•Know that it isn't uncommon to play the "What if?" game: "What if I could have stopped it?" "What if I had only known the accident would happen?" "What if I could trade places and it could have been me who died?" etc.

    •You may also find yourself feeling guilty if you catch yourself smiling, having a good time or simply enjoying life after your loss.

    •Although there is no set timetable for grieving, if a substantial period of time has passed and you are still not allowing yourself to move on past the grieving process, allowing yourself to be crippled with guilt for something that was not your fault, ask yourself why.

    •Understand that in any situation, even one like this, people don't engage in a behavior that they don't get a payoff for. Is the fact that you can't move forward a payoff in itself? If you feel the only connection that you have with the deceased is your grieving, could that be a payoff? Is the guilt a payoff? Are you punishing yourself because you feel you deserve to be punished for being a bad mother/sibling/friend/spouse because you let your loved one die?

    •If you won't move on past the grieving process because the grief is your current connection to the deceased, ask yourself how terrible it is that your precious loved one is being remembered as a legacy of pain that you choose to carry around. You're focusing on the moment he/she died instead of on the moments he/she lived and the joy that he/she brought to your life. Isn't that a terrible burden to place on your loved one?

    •If you want to forgive yourself, understand that guilt is all about intention. Is there a bone in your body that wished or intended for something bad to happen to your loved one? If not, why are you feeling guilty?

    •There comes a time when you have to say, 'Enough is enough. If I give up the pain, I'm not going to lose him/her.' How long you grieve or how deeply you hurt does not reflect how much you loved. The fact that it's been two, five or 10 years and you are allowing yourself to live life doesn't mean that you love him/her any less. It doesn't mean you've forgotten your loved one.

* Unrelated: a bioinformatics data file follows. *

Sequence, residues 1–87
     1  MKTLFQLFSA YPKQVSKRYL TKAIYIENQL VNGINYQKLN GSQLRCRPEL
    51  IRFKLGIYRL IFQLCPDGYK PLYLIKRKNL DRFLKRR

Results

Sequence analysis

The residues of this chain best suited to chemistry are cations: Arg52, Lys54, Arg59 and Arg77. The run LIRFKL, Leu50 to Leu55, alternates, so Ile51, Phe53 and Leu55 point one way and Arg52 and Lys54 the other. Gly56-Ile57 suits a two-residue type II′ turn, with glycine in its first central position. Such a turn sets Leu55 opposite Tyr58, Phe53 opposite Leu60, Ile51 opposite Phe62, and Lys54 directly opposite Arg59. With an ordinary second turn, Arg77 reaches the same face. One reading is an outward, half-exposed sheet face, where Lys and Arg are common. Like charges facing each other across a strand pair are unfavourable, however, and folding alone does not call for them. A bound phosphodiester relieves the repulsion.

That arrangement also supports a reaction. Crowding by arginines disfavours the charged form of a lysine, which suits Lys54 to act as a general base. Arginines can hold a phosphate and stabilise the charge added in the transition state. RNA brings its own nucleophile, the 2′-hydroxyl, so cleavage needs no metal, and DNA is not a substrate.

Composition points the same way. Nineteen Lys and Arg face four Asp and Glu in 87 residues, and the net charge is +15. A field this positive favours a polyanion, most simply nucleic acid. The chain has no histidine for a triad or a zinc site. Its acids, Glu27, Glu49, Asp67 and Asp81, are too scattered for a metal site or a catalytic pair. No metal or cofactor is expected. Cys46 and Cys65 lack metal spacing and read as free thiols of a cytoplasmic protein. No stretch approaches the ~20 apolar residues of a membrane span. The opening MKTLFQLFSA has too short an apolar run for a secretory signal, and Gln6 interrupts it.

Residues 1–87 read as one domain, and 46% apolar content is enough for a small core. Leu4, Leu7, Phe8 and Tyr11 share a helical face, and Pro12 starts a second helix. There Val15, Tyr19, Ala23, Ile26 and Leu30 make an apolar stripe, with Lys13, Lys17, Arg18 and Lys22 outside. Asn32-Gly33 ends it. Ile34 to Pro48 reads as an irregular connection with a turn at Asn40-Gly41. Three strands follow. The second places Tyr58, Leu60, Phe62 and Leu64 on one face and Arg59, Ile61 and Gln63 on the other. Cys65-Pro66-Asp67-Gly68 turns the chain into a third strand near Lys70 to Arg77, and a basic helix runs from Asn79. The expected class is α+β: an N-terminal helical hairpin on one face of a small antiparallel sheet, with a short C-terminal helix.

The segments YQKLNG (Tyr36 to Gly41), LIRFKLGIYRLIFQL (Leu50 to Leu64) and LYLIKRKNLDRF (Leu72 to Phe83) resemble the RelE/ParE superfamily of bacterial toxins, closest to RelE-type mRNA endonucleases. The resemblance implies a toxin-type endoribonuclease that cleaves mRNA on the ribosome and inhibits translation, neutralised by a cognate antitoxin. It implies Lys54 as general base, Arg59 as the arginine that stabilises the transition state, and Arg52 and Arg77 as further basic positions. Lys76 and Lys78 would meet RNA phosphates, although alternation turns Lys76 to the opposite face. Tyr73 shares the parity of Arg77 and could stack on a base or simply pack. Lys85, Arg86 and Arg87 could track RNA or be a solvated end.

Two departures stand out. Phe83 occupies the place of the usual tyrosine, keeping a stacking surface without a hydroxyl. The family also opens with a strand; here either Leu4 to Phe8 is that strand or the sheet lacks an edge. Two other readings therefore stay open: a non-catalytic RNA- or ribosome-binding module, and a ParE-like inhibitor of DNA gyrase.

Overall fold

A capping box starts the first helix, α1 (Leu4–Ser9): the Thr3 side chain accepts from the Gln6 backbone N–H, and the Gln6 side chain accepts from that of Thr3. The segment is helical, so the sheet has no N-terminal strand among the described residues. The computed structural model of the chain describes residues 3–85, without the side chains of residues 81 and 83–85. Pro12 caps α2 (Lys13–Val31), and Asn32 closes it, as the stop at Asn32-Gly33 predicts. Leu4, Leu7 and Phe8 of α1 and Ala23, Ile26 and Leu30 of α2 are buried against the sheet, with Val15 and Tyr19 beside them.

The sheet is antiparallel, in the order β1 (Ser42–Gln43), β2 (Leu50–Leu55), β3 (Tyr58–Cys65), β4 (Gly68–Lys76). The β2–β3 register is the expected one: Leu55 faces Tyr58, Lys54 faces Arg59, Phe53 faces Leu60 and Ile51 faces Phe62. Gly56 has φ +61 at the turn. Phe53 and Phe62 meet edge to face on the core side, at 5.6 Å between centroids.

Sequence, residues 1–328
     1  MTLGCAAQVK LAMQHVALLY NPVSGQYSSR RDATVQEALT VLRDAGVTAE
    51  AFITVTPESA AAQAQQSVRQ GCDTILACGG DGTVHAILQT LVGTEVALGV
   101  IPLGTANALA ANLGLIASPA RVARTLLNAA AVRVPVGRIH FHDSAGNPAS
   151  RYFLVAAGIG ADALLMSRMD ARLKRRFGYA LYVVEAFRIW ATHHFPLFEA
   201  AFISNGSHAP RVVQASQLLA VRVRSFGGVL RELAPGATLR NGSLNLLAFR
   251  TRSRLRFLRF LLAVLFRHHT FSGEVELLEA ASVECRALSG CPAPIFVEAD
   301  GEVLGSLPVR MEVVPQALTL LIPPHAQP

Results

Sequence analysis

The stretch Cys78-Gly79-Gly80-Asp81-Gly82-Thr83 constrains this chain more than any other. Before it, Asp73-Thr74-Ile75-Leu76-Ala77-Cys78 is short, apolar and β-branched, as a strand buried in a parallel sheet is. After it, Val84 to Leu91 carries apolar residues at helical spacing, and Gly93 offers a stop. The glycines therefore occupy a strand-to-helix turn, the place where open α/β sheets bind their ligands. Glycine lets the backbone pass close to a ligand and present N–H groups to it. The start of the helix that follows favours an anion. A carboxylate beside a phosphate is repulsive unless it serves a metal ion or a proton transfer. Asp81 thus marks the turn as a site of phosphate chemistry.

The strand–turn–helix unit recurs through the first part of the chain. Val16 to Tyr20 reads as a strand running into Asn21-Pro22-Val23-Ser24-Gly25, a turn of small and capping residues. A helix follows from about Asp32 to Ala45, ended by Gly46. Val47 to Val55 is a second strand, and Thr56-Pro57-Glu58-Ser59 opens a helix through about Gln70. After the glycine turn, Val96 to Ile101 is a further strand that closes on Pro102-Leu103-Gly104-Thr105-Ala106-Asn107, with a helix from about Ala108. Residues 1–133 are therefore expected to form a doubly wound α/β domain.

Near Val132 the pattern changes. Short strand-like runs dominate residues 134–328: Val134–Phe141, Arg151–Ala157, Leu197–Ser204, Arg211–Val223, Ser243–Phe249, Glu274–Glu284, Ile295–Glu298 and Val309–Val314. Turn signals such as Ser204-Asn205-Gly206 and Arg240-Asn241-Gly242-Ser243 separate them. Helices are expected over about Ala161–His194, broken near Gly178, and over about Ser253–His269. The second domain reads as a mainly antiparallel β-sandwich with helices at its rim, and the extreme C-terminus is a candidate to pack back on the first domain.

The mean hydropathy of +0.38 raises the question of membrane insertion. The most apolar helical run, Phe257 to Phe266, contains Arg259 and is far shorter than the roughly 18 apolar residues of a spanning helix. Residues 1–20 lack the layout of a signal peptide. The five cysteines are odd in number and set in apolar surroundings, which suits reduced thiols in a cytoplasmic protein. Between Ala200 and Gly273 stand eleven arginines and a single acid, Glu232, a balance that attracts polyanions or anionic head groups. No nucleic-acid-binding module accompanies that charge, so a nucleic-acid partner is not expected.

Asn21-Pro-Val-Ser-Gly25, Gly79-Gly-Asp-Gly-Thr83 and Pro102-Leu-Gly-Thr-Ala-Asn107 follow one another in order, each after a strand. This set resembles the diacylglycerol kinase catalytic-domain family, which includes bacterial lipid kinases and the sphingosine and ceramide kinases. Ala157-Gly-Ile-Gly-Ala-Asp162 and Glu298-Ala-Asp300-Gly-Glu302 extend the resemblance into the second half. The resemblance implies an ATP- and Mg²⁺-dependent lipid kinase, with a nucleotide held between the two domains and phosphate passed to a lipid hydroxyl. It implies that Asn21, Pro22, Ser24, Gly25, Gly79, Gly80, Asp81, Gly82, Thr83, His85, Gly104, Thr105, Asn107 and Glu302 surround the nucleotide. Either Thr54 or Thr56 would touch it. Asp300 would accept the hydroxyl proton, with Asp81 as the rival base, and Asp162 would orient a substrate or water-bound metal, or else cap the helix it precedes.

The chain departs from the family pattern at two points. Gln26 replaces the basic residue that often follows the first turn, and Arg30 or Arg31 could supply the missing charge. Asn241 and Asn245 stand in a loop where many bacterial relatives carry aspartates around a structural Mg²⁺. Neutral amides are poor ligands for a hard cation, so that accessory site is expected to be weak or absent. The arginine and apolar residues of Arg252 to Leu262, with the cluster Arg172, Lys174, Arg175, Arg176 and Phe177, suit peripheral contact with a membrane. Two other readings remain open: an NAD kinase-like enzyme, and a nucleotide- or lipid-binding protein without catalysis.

•When you are ready to let go of your guilt and grief, it may help to speak out loud to your loved one, expressing your continued love for him/her while affirming your decision to let go of the grieving process: "I love you, but I have to let you go. I will love you until the day I die, but I'm going to let you go."


  7. Lillian,

    I think Judy and Deb covered roll call very well in the General Forum and the Early Stage Forum. We had a very good reply from members of LCSC.

    It's always great to hear from those that are beating this beast, be it late stage or early stage. No matter what we all stand together in this battle.

    I wish us all good luck and God bless us all who are on this journey, and I hope we hear alot more good stories from those who are surviving. :wink:

    God Bless to All,

    Connie


  8. Michelle, are you having a service or a memorial for your husband. I don't know if I ever heard his name. :oops:

    Some people may like to make a memorial donation in memory of your husband here at LUNGevity.

    I feel like I know so much about you after reading over some of your posts, yet I don't know where you live or what your husband's first name is or your son's name. And believe me when I say, it might just be me not knowing this, because I don't read everything. :oops:

    During our grieving journey, it's always a good idea to share warm stories about our loved ones with others. it's good for healing.


  9. Okay, I know I shouldn't do this, but this was on the Front Page of the AOL website as a front page story.

    Wife, Husband Both Battle Breast Cancer

    I have never seen on a front page saying "Wife, Husband Both Battle LUNG Cancer", and I can assure you, there are many that have and do!

    For those with Breast Cancer, please know I am NOT bashing you, some of my Best Friends are breast cancer survivors. Okay, having said that, I'm done.

    Hugs to All,

    Connie